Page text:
Avitrol Plus is an incredibly popular wormer of choice for many poultry keepers due to the fact that it covers pretty much any possible worm that affects chickens/poultry. It also comes in tablet form which many owners prefer to use, making administration relatively straight forward, as well as the reassurance that their chickens/poultry have had their individual accurate dosage.
Most other available wormers come in liquid or powder (to be made into a liquid) which can have administration complications with birds refusing to drink the water.
However, on it’s packaging it states very clearly “Not to be used in food producing species.” These words often strike fear and confusion into the hearts and minds of the new poultry keeper. But do you MEAN “Not be to be used in food producing species?!?!? I was recommended to buy it? I don’t understaaaaand….” 🤔🤔🤔
Fear not… this article breaks it all down for you so it will (hopefully) make more sense in a few minutes. Basically it relates to what is termed ‘withholding periods’ and it’s relationship to the active ingredients in the product. For this article we will be discussing it directly relating to the Avitrol Plus range of products but this information can be more broadly applied to any product that has ‘Not to be used in food producing species” on it’s label.
What is a ‘Withholding Period’ with chicken/poultry medications?
A withholding period is the amount of time you are recommended to NOT consume eggs or meat from the treated chickens/poultry, due to residual chemicals passing through to the eggs/meat from the given treatment.
NIL withholding period means that you can safely eat eggs/meat from treated poultry without worrying about any chemical residue being in your food.
Withholding periods are determined by extensive research and testing from the relevant Government Authorities. This research is very, VERY expensive and very time consuming, taking many years. This is why the only areas that can afford to do this on a wide scale are the commercial egg and meat industries.
Commercial cage egg farms have no need to test and/or treat for worms because their chickens have no exposure to the ground. In comparison backyard poultry flocks have the relative freedom to scratch the ground, eat God knows what and gorge on unknown quantities of insects. Some of these insects are potential hosts to roundworms, tapeworm and others.
Avitrol Plus has an active ingredient called ‘praziquantel’, which is essential for the treatment of tapeworm. There has been no testing done for praziquantel as an ingredient, therefore products with this ingredient have no known withholding period.
This doesn’t necesssarily mean that there is no chemical residue in your eggs/meat or that there is loads and you can get sick… it means it is UNKNOWN.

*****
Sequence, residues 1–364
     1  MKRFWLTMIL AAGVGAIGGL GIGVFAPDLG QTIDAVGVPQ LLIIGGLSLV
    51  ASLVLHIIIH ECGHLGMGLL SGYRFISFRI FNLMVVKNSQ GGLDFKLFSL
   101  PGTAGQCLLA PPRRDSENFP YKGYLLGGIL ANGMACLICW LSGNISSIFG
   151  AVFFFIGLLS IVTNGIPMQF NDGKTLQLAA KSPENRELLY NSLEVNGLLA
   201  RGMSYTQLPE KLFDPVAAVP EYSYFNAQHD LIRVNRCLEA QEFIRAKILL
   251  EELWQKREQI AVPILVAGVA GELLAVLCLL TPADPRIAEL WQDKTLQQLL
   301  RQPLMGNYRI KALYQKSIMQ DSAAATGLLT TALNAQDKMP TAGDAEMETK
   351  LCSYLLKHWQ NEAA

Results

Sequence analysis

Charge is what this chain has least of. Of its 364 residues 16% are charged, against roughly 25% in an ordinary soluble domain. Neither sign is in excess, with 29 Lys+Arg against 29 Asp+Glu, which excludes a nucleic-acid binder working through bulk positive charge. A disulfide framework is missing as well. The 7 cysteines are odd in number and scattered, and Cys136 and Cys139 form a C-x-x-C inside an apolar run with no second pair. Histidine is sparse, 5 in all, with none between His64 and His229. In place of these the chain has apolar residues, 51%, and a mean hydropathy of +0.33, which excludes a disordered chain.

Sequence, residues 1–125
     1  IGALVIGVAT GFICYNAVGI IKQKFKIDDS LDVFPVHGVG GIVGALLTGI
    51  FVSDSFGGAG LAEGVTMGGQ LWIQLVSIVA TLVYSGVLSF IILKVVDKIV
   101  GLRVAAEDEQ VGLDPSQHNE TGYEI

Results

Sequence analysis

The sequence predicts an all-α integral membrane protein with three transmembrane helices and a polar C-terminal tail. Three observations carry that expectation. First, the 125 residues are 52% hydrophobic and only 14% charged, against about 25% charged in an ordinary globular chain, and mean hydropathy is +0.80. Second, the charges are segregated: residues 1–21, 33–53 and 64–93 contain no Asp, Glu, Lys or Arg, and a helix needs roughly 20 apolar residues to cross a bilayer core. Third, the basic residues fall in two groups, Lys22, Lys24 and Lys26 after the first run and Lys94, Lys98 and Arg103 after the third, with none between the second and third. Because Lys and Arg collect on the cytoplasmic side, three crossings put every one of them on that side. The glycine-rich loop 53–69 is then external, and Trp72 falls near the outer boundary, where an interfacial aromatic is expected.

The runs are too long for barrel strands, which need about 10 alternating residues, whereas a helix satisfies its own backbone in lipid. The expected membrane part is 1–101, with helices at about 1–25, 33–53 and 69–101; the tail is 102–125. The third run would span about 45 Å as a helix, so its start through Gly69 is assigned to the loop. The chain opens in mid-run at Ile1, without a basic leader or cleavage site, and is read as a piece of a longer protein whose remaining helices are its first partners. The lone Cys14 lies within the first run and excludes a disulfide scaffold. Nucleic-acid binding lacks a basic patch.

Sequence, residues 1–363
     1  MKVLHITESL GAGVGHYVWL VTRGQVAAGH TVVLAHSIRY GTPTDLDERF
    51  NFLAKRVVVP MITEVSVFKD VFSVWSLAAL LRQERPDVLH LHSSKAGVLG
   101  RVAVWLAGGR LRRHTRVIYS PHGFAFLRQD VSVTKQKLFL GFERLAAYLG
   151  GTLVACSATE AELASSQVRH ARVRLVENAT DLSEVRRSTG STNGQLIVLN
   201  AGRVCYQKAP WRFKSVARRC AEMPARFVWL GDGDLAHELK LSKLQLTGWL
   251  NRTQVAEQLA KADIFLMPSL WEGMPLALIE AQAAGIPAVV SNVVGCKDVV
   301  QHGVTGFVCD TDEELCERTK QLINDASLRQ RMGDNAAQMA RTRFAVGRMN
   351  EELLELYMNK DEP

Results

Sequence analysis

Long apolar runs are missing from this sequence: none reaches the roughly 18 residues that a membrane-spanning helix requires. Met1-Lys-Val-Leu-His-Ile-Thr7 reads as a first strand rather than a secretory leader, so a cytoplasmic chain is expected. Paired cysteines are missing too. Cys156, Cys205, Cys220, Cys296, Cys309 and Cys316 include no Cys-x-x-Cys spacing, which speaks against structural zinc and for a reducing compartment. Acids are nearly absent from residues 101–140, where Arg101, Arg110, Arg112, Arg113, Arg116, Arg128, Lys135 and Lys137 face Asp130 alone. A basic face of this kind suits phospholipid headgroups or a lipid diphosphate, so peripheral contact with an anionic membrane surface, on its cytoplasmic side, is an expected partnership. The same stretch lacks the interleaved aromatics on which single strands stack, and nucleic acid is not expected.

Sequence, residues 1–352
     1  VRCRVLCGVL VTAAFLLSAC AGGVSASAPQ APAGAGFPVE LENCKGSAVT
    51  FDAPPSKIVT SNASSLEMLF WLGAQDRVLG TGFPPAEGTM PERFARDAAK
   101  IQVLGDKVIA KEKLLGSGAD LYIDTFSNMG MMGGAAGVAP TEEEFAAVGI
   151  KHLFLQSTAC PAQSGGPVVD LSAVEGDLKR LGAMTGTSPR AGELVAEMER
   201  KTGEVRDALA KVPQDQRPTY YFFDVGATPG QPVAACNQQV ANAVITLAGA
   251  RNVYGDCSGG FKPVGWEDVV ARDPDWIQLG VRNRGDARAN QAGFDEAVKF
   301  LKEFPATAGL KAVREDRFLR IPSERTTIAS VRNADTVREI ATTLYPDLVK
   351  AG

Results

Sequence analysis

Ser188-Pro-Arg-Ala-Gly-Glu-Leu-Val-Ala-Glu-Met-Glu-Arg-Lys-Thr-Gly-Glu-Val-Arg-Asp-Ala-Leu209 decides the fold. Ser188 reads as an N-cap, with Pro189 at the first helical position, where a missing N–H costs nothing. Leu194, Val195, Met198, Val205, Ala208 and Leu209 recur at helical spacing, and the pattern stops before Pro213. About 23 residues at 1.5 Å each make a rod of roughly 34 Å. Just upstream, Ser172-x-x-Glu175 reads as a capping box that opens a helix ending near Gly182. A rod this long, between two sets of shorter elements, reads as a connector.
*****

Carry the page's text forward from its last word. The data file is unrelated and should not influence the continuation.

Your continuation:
As a result, manufacturers of products with praziquantel as an active ingredient, including Avitrol Plus, simply recommend that you don’t consume the eggs or meat from treated chickens/poultry. Ever.
Using any product for a use other than what it is intended is broadly referred to as ‘Off label’ treatment. So using Avitrol Plus for worming chickens with the intention/awareness of eggs consumption is considered to be ‘off label’.
Now…. That’s the official line.
But CAN we eat the eggs if we decide the risk is minimal?
In reality, there are quite a lot of backyard chicken keepers who are comfortable with consuming eggs laid by chickens/poultry treated with Avitrol Plus. It is a product that has been around for decades and poultry keepers have reported extended use and consumption of the eggs after treatment with no visible/known/dire side effects.
You may also hear/read/find that the statistic of ‘minimum two weeks withholding period’ is commonly bandied about regarding the consumption of eggs after treatment with Avitrol Plus.
This is purely a judgement call from someone who has made that decision for themselves.
Other poultry keepers also prefer to use Avitrol Plus to worm their chickens annually during the winter months, when their chickens aren’t laying (and therefore no eggs to consider).
Aussie Chook Supplies does not make any recommendation one way or the other about the use of Avitrol Plus wormer and the ability to eat the eggs after the use of this product. But now, hopefully you now have a bit more information to make an informed decision as to what is best for you and your family.
Okay… can we at least feed the eggs back to the chickens if we don’t want to eat them for two weeks or so?
Some chicken keepers choose to err on the side of caution and prefer to not to eat the eggs produced for up to two weeks or four weeks. But then they decide to cook the eggs and feed them back to their chickens. Free food, a great protein boost and chickens love it. Also a fantastic no waste solution… but my concern with it is this…
Aren’t you then just reintroducing the microscopic levels of potentially harmful ingredients that have come through the eggs in the first place, back into the digestive system and blood stream of the chicken again? Yes, technically the amounts would be lower but… think about it?
Maybe a better option might be to crack one every couple of days over your dogs food (or a friend who has dogs) or bury them in your ornamental flower patch and take them out of the food chain completely. Still better than throwing them away completely?!
Hopefully you have found this article helpful.
Christine from Aussie Chook Supplies